In-Person Meeting for ARISS International

International Space Station - Image Credit NASA

International Space Station – Image Credit NASA

The ARRL report representatives of the Amateur Radio on the International Space Station (ARISS) International partners met in person last month for the first time in 2-1/2 years to reassess the program’s direction and to consider new objectives.

The European Space Agency (ESA) hosted the April 3-5 gathering at its European Space Research and Technology Centre (ESTEC) in The Netherlands. ARISS International Secretary-Treasurer Rosalie White, K1STO, represented the ARRL at the sessions. ARISS International Chair and AMSAT-NA Vice President for Human Spaceflight Programs Frank Bauer, KA3HDO, presided.

Former ESA astronaut Gerhard Thiele, DG1KIL, welcomed the representatives. Thiele, who heads ESA’s Human Spaceflight and Operations Strategic Planning and Outreach office, told the gathering that ESA recognizes the benefit to students of being able to communicate with the ISS crew directly via Amateur Radio, and that students learn a lot as a result of these ARISS contacts.

ARISS Amateur Radio on the International Space Station

ARISS Amateur Radio on the International Space Station

In a wide-ranging presentation, ARISS International Project Selection & Use Committee representative Lou McFadin, W5DID, addressed long-term equipment possibilities. Among other requirements, McFadin said, ARISS should have the ability to control its equipment from Earth, and he said that developing software-defined equipment would permit this. He also spoke of the need for an “override power switch,” as the astronauts need to shut down ARISS equipment during safety-critical events such as spacecraft dockings or spacewalks. Given the paucity of space aboard the ISS, ARISS also must minimize the amount of real estate its equipment occupies, McFadin said. He also noted that there is “little or no” ISS crew time to address ISS ham gear issues.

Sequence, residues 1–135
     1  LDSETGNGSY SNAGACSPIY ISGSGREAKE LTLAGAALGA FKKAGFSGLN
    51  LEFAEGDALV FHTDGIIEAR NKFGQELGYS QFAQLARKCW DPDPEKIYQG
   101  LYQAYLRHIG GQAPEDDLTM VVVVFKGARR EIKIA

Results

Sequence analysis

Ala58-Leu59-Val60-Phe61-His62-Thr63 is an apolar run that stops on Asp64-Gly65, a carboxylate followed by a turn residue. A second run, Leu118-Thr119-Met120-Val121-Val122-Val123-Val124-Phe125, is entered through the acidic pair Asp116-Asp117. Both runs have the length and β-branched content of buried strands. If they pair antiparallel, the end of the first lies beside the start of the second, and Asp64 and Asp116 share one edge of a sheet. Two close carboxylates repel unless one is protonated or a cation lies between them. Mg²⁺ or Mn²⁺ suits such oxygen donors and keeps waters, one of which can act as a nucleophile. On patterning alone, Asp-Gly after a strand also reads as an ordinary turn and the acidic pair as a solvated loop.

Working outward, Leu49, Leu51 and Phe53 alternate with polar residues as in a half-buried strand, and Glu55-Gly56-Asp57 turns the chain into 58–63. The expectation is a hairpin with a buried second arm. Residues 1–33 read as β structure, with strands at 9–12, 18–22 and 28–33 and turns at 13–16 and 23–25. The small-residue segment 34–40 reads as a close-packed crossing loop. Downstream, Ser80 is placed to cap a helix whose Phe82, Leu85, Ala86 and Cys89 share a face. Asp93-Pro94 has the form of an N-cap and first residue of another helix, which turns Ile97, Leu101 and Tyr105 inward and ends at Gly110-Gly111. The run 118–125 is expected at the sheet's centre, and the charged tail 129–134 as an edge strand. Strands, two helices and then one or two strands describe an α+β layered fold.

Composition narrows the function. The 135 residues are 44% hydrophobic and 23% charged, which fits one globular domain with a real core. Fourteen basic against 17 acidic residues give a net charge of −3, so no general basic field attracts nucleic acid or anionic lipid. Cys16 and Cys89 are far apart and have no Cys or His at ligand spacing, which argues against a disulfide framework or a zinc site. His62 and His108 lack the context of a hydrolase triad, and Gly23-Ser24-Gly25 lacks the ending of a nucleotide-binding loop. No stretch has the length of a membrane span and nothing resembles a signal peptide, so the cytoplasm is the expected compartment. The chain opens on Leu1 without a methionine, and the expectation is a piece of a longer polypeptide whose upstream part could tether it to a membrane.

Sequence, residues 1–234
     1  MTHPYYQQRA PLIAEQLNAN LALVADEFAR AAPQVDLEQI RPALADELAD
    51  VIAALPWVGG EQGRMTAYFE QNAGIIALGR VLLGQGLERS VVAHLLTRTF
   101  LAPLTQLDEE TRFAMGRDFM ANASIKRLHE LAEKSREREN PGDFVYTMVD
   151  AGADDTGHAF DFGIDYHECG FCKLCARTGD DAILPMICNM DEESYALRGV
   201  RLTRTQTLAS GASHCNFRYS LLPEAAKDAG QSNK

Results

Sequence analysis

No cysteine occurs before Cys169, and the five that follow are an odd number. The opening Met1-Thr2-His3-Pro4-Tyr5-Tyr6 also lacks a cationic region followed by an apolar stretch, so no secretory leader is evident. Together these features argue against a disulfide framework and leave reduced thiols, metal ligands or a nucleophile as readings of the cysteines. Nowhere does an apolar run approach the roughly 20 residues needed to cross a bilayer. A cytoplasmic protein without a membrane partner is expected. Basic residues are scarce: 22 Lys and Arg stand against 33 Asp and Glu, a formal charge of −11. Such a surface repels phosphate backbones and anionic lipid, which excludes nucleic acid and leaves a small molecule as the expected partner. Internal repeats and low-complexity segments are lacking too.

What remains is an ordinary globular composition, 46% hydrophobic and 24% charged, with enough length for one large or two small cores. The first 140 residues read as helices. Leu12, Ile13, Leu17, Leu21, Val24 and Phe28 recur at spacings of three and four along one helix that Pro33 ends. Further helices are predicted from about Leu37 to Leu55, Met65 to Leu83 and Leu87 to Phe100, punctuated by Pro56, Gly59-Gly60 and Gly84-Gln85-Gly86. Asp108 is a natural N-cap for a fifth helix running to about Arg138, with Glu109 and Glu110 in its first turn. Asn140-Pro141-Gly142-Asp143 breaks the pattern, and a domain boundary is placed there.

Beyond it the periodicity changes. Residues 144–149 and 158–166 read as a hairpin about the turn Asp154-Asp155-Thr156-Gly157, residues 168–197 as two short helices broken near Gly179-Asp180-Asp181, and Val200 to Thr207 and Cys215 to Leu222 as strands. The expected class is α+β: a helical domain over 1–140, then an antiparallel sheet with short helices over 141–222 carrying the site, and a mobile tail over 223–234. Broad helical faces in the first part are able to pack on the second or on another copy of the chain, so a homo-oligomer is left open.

McFadin further discussed the advantages of installing a mobile VHF/UHF transceiver in the Columbus module that has higher power capabilities, similar to the Kenwood D-700 located in the Service Module. In recent months crew members have been using a 5 W Ericsson hand-held transceiver for school contacts, and signal levels have been lower than the team would prefer. McFadin suggested that a portable mobile system with a power output of 15 W or greater might improve this situation.

Read the full ARRL story at
http://www.arrl.org/news/ariss-international-partners-regroup-at-first-in-person-meeting-since-2011

ARISS ESTEC meeting minutes and committee reports http://www.ariss.org/meeting-minutes.html